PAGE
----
Extended Term Threats / Disasters

Malfunctioning of IT hardware and allied equipment, which would disrupt the computing facilities for an extended period of time, could have serious consequences on the banks business and IT operations. Locations where IT computing facilities could be affected by extended threats/disasters are as follows:

1.  Head Office IT Department

2.  Other Functions/Locations of Head Office

3.  Consumer Finance Department

4.  Regional/Hub Offices

5.  Other Regional Retail Branches

If malfunctioning of critical hardware or allied facilities at any of the above locations is experienced and evaluated to continue for an extended period of time, the local IT Staff/IT Operator in conjunction with IT Operations Manager/Communication Manager at the Head Office would be responsible for ensuring that the same are operational at the earliest. List of responsible/designated persons is in place.

In case of malfunctioning of hardware like servers and PCs at any of above locations, the local IT Staff/IT Operator would immediately contact the local or nearest office and report the same. If the repair of the effected hardware would take long,

If the encryptor installed at the Head Office IT Department were malfunctioning, the Communication Manager/Communication Staff at the Head Office IT Department, Karachi, would shift to the backup encryptor installed. If the encryptor at any other location is malfunctioning, the Communication Manager / Communication Staff of Head Office IT Department will bypass the branch encryptor and reconfigure the encryptor software at Head Office to pass the data in clear mode.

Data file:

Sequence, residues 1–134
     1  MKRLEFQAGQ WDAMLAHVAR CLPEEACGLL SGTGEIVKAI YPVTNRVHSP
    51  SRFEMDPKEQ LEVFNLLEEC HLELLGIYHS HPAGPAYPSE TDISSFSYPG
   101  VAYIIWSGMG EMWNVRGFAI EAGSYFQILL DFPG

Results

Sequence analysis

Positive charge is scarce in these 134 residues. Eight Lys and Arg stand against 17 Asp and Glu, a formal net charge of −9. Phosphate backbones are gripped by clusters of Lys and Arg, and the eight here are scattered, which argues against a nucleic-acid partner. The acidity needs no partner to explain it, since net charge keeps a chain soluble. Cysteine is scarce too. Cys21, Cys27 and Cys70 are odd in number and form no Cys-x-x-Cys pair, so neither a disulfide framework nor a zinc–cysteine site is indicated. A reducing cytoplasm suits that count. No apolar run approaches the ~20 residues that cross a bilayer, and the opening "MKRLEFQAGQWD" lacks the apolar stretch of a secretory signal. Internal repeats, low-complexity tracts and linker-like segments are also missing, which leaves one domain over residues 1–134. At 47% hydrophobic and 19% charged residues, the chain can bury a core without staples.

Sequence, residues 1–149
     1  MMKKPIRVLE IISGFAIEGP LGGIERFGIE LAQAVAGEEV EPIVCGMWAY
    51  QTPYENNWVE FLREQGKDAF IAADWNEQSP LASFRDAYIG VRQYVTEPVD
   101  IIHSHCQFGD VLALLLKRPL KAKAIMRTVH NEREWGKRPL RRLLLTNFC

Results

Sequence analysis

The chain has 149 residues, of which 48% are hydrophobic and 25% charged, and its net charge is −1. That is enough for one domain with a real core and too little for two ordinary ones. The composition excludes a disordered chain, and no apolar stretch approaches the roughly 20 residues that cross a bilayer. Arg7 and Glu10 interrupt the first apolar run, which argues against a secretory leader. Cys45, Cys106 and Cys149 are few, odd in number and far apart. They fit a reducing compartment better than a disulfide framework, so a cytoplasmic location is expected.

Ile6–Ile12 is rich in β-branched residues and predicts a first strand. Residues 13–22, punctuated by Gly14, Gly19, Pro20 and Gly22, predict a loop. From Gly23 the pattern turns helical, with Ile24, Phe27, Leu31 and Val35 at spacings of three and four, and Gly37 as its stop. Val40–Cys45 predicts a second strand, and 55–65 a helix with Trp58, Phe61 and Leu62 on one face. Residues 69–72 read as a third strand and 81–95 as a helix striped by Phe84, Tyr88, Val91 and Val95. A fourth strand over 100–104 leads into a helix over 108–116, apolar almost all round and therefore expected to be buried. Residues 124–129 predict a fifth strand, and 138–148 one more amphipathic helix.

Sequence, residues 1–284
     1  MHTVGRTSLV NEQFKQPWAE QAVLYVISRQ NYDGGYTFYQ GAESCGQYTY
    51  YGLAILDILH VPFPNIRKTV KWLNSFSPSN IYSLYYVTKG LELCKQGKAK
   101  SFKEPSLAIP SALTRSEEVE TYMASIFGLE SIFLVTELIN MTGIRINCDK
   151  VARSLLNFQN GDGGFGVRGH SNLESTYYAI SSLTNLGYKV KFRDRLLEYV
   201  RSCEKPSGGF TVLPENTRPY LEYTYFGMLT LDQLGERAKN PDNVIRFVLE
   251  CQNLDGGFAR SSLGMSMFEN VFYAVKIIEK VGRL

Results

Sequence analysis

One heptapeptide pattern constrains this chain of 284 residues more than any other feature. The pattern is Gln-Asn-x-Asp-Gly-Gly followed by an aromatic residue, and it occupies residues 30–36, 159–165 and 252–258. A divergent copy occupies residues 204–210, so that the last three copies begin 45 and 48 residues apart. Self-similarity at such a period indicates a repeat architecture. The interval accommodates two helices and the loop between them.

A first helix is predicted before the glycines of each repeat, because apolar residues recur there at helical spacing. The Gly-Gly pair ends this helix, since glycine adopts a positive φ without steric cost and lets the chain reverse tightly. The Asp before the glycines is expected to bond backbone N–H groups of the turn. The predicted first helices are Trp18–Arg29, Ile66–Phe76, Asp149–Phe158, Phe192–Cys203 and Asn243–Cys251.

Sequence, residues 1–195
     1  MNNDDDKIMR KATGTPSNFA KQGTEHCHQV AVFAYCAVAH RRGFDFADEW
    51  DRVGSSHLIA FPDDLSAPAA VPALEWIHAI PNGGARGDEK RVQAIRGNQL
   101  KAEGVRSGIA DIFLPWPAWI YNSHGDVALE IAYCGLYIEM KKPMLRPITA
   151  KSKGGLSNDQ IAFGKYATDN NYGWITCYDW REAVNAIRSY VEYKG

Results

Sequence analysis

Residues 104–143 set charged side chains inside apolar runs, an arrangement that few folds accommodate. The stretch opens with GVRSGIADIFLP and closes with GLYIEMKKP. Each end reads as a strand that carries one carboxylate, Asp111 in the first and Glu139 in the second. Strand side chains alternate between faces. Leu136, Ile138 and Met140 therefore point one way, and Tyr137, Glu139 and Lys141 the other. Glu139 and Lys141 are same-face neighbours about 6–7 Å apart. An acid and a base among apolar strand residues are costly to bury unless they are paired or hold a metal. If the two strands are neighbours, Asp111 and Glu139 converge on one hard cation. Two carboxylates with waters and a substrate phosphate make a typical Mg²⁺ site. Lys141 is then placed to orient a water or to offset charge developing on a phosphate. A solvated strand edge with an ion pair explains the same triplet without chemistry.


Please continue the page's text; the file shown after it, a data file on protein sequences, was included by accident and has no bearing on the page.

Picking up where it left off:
In case of malfunctioning of E-mail server hardware at any of the above locations, the local IT Staff/IT Operator would immediately contact the local or nearest office and report the same. If the repair of the effected hardware is to take long, the concerned vendor will be asked to provide backup hardware as per our maintenance agreement with them.

In case of malfunctioning of Report Browser/Signature Verification System server at any of the above locations, the action to be taken by the affected location’s IT Staff/IT Operator would be:

If the repair of the server would take long, the software of Report Browser System as an interim measure would be configured and loaded on the exchange server before running the next end of day cycle. After the server has been repaired, the software will be reconfigured and loaded on the repaired server.

If the repair of the Signature Verification System server were going to take long, the concerned counter staff at the affected branch would be asked to refer to the specimen signature cards for verifying the customer’s signature till such time the server is repaired/reconfigured and restored with the software.